Moving to Montréal 101
Let’s face it, moving halfway across the world to study is a stressful experience and you’ll probably have lots of questions. Luckily, everything is doable and, once you’ve completed the immigration process, you can start your new life.
Study permit, CAQ and plane ticket in hand, I still had a few things to take care of, including finding a place to stay, a phone and Internet service provider, a Canadian bank, getting the famous OPUS card, applying for a SIN and, of course, registering with the RAMQ.
Seems like too much to handle? Don’t worry, everything went smoothly!
How to find a place to stay in Montréal?
If you’re looking for housing in Montréal, you’ve got tons of options. Most people recommend renting an Airbnb so you can visit your future place and check for any hidden defects. That’s great advice, by the way.
Still, depending on what your circumstances are, you might prefer another approach. Personally, I found what I was looking for on Kijiji. The website features all kinds of ads and a search filter that will come in very handy and will help you save time. I was moving with my two cats and, in Canada, owners are allowed to ban tenants from owning pets. If your lease does not allow pets, I strongly suggest that you comply with that provision. Otherwise, you could end up on the streets as soon as your plane lands. You can also check out Facebook Marketplace.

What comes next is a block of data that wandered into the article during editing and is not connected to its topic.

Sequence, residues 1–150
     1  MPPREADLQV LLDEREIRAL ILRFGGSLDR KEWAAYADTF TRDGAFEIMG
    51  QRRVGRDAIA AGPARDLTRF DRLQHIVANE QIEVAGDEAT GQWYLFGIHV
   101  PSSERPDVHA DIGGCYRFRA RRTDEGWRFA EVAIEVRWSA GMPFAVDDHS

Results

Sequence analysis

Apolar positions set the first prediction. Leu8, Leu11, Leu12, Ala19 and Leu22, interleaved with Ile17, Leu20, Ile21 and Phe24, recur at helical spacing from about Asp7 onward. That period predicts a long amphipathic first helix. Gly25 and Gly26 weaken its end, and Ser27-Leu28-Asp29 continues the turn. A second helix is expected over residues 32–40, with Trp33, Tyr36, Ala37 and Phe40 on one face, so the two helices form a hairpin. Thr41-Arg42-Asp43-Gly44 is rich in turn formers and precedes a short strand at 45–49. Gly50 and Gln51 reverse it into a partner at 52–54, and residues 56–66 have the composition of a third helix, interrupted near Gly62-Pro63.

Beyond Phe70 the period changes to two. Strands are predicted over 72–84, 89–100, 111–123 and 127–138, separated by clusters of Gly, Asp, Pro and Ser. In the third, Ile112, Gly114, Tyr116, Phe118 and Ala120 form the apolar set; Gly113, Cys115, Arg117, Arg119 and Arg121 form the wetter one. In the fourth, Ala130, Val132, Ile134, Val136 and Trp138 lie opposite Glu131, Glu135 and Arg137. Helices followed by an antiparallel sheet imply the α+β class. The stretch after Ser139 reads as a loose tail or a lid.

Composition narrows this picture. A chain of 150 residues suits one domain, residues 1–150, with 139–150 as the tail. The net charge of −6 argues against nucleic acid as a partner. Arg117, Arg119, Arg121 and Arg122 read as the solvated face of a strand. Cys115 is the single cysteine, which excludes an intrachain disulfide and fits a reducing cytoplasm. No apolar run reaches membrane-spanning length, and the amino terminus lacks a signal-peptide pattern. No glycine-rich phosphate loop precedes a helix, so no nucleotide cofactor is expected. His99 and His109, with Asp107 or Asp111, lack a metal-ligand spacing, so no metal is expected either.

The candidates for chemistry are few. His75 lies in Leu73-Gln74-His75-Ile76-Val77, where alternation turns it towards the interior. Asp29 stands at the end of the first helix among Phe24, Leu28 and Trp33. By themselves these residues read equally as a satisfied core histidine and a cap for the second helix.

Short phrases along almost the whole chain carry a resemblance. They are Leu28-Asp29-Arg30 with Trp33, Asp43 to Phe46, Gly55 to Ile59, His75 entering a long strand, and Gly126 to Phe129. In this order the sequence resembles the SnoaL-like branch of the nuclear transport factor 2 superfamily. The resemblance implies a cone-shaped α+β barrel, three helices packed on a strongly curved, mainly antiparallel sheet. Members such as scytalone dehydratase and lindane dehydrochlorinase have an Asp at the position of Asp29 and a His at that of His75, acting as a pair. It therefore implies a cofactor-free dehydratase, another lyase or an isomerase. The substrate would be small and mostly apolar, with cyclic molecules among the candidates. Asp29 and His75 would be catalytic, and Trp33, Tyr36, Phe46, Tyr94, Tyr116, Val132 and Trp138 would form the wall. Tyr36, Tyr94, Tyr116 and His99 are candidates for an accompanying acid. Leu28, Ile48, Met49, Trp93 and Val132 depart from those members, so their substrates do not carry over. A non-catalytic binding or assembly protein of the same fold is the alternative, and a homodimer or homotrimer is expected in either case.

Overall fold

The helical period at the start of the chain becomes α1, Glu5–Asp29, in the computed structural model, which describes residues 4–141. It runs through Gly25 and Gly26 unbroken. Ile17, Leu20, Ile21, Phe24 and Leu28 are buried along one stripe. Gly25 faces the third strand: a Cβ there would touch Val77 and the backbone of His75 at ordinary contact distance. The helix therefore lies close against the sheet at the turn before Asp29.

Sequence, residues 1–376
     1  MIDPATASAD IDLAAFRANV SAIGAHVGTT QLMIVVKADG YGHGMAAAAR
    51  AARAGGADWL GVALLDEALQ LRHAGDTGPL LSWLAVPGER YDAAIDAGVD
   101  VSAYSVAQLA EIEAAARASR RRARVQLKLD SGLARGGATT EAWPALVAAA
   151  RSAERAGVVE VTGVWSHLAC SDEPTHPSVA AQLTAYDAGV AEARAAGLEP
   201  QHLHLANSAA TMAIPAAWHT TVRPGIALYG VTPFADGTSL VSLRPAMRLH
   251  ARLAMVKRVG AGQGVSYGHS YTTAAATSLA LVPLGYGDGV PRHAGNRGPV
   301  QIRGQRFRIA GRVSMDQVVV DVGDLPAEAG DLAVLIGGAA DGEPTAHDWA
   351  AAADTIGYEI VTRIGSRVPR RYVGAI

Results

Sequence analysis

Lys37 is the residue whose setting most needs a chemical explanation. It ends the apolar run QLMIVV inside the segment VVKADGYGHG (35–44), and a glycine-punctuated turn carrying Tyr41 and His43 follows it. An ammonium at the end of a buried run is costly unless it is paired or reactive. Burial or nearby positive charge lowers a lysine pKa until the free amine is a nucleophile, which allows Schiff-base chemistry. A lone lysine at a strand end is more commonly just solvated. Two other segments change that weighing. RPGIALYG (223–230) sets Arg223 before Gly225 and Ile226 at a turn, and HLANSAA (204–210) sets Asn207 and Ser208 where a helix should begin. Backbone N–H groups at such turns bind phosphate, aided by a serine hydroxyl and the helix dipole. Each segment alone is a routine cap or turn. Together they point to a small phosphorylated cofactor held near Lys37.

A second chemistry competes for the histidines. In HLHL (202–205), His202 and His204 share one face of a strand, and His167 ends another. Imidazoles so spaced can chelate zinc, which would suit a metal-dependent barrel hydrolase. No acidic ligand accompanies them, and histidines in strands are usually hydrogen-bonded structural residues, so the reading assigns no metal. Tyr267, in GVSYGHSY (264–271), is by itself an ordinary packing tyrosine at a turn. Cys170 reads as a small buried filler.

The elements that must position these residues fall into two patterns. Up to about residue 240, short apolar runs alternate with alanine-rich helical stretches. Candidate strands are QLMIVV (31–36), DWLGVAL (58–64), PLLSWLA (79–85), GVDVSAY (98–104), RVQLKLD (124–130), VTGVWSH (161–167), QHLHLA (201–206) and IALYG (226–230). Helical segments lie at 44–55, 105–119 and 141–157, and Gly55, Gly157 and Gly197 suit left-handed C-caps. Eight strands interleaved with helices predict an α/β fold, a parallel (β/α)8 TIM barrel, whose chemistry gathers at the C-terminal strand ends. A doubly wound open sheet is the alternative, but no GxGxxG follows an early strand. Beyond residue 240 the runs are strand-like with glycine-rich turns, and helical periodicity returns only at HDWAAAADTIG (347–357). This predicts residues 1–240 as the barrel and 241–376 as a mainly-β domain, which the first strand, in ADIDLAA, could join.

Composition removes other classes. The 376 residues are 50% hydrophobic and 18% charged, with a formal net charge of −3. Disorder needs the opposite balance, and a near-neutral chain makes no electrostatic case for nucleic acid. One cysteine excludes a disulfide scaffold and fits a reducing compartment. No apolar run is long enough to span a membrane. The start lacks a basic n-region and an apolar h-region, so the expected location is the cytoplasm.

I was lucky enough to do a virtual tour of the condo I had set my eyes on. One week later, the lease was signed and the place was all mine. Be careful, though, because such sites are prone to scams. Personally, I leased the condo directly from a company and I was able to make sure that the ad was authentic and the company was serious before I committed to it. I also decided to hire someone to deliver my furniture and groceries so I could travel worry-free and would have nothing else to think about except unpacking. Again, be careful who you trust.
What furniture stores should you go to?
Shopping at IKEA is a must for any self-respecting expat student. And, if you order online, you won’t get a shock at check out. Plus, you’ll only buy what you need. That’s something to keep in mind because, when you’re a student, you’re on a budget—generally, anyway.
Another store I recommend is Structube. I would say their products are of similar quality, just a bit more stylish and a bit more expensive.
I can’t talk about moving and not tell you to pop into Dollarama! This store is like Action in France. You’ll find everything there at very reasonable prices. I even got my winter socks at Dollarama. Whether you’re looking for kitchenware, little treats, pet items or stationery, Dollarama’s got something you can use at prices that are hard to beat.
Finding a phone and Internet service provider
One thing you should be aware of before you move to Canada is that your phone and Internet bill will skyrocket. In France, you may pay 5 euros for a phone plan and 2 euros for an Internet plan (at least that’s what I paid for monthly unlimited service). In Canada, however, things are quite a bit different. Let’s just say the bill will sting a little.
The main service providers are Videotron and Bell, but you can also go to other companies. Furthermore, you can easily find online comparison tools to help you pick the right plan for you.